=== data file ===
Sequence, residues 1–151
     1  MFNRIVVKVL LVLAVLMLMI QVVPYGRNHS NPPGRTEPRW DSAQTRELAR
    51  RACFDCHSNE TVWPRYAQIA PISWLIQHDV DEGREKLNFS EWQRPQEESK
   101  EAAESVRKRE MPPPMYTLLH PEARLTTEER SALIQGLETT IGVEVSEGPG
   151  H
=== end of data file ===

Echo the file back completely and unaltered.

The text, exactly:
Sequence, residues 1–151
     1  MFNRIVVKVL LVLAVLMLMI QVVPYGRNHS NPPGRTEPRW DSAQTRELAR
    51  RACFDCHSNE TVWPRYAQIA PISWLIQHDV DEGREKLNFS EWQRPQEESK
   101  EAAESVRKRE MPPPMYTLLH PEARLTTEER SALIQGLETT IGVEVSEGPG
   151  H